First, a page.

Toyota aims to bolster struggling bZ4X

The Japanese OEM has already admitted its first BEV has received a lukewarm reception

Toyota aims to bolster struggling bZ4X
Toyota's only BEV is getting some tweaks

Japan’s Toyota is upgrading its only all-electric passenger vehicle, the bZ4X mid-sized SUV, in an effort to boost momentum for a product that has underwhelmed customers thus far.

In the first nine months of 2023, Toyota sold 560,088 electrified vehicles in Europe, consisting almost entirely of HEV and PHEV models. The bZ4X sold only 14,318 units in the same period.  

And it is not just in Europe where the bZ4X has struggled for traction. “Toyota has received messages from customers that they think there is still room for improvement, particularly with the bZ4X,” Yoichi Miyazaki, Toyota’s CFO, said of Chinese customer feedback in November.

Technical adjustments have now been made to the bZ4X’s battery heating system to reduce battery charging times in cold climates using a DC fast-charging power supply. A new water-to-water heat exchanger and a heating adjustment valve have been added to the heating circuit to help increase battery temperature.

Toyota expects these changes to reduce 10-80pc DC fast charging times for the bZ4X, especially in cold and even sub-zero temperatures. It is also upgrading the car’s heating and rear-end collision avoidance systems. And it will offer a new digital key on the higher-end model.

Lessons from Norway

The focus on cold weather charging performance may reflect Toyota’s ambitions in northern Europe, a key regional BEV market. “Toyota BZ4X is already one of the best-selling cars in Norway,” says Piotr Pawlak, president of Toyota Norway.

The bZ4X shifted 5,395 units in Norway in 2023, according to Pawlak, making it the country’s third best-selling car. But Norway may also illustrate why Toyota struggles to shift its mindset when it comes to BEVs.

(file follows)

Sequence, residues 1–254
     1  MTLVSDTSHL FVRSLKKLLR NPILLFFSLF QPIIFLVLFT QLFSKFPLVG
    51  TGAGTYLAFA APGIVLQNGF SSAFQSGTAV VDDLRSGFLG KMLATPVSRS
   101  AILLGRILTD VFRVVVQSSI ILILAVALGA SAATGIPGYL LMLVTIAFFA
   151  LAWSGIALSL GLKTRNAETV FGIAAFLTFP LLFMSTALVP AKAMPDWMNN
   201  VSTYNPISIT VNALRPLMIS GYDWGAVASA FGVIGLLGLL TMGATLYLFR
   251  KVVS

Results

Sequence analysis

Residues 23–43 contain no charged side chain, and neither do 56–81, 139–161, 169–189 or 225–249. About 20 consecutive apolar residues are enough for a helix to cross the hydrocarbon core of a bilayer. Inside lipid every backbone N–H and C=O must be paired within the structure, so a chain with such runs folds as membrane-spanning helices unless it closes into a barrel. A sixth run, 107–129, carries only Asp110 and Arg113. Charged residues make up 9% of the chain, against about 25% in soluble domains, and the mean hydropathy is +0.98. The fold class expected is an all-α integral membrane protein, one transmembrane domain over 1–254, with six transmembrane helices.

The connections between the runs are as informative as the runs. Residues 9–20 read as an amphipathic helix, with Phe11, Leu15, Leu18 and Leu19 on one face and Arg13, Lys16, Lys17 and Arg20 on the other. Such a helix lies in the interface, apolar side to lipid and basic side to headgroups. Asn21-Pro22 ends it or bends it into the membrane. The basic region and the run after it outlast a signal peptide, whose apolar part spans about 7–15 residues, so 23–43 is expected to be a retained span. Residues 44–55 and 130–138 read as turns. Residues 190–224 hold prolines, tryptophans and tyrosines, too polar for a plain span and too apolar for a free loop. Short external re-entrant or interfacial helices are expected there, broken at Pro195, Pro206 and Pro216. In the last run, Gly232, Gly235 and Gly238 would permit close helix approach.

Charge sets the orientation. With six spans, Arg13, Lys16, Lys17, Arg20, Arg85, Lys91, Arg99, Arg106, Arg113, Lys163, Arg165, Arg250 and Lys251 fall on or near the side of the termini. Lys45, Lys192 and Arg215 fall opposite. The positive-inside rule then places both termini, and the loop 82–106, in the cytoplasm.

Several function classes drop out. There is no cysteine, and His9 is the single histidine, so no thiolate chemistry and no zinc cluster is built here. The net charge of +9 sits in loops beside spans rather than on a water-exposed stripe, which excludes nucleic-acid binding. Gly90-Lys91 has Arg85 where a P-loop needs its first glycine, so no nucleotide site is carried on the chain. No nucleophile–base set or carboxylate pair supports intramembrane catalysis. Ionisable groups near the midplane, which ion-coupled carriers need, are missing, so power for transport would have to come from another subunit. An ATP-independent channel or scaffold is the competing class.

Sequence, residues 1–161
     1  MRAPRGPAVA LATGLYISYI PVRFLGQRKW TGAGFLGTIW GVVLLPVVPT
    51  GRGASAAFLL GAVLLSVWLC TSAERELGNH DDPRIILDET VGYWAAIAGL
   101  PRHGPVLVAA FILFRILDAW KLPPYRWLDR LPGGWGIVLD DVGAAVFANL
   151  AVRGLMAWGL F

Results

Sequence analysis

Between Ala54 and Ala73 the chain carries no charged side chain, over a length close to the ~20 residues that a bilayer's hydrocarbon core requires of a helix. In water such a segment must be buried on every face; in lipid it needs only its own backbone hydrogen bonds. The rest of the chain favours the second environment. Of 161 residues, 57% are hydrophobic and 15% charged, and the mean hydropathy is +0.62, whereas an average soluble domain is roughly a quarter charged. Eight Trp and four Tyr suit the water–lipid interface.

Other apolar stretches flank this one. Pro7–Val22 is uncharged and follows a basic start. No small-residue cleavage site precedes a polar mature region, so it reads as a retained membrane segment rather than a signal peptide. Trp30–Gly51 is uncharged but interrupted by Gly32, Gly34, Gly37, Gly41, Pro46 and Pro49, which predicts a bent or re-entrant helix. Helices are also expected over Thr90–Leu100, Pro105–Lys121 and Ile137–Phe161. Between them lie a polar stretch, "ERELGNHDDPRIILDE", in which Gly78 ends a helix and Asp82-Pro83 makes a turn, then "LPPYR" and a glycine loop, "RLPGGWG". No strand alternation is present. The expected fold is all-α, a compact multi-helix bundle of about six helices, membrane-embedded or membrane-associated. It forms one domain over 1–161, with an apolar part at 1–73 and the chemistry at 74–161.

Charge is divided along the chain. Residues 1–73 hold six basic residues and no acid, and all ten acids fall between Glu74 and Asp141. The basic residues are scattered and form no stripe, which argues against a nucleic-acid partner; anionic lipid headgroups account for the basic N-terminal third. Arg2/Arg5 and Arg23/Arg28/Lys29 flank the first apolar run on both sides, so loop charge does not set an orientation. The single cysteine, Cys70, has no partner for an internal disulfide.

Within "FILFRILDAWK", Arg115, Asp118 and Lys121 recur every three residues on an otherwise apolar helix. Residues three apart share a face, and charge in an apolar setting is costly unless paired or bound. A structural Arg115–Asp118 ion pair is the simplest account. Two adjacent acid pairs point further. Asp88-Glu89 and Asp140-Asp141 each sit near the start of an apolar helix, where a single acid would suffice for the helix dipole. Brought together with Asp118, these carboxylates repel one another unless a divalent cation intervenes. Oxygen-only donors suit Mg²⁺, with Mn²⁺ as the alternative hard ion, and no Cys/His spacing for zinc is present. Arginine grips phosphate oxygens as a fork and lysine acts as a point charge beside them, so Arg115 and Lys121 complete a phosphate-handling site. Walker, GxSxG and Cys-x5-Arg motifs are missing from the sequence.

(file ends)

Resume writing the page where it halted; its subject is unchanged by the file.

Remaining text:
Given new Norwegian BEV registrations in 2023 were just shy of 105,000 — 82pc of total national new sales market — the bZ4X captured only 5.2pc of the total addressable BEV market (see Fig.1). But Pawlak points out that Toyota’s overall Norwegian passenger vehicle market share was much higher, at 12.4pc.

Fig.1: Toyota has little of a large Norwegian BEV market, and lots of a small non-BEV segment

This means that Toyota sold around 10,350 non-BEV passenger vehicles, either HEVs or ICEs, in Norway in 2023 and captured 46pc of this non-BEV market. That drove Toyota to be the country’s leading brand by sales in December and Q4 as a whole.

And it allows it to boast of having grown sales by 7.5pc in a market that shrank by 23pc — when only two other brands in the top 10 managed to achieve year-on-year volume growth — and having achieved a best market share result since 2010.

But it does not disguise the fact that it has only c.5pc of the dominant segment in the country’s car sales, propped up by almost 50pc of legacy technologies that account for less than one in five of all new passenger vehicle sales.

The question, of course, is what is Toyota able to do. It needs to sell cars where it can and, while it aims for 20pc of its European sales to be BEVs by 2026, this is predicated on having six BEVs in its range when it only currently has one.

As long as it privately acknowledges, while trumpeting short-term success, that Norway paints a troublesome picture in the medium-to-long term, there may be no issue. The fear is that Toyota’s jumbled narratives do not install confidence that said internal conclusion is being clearly drawn.

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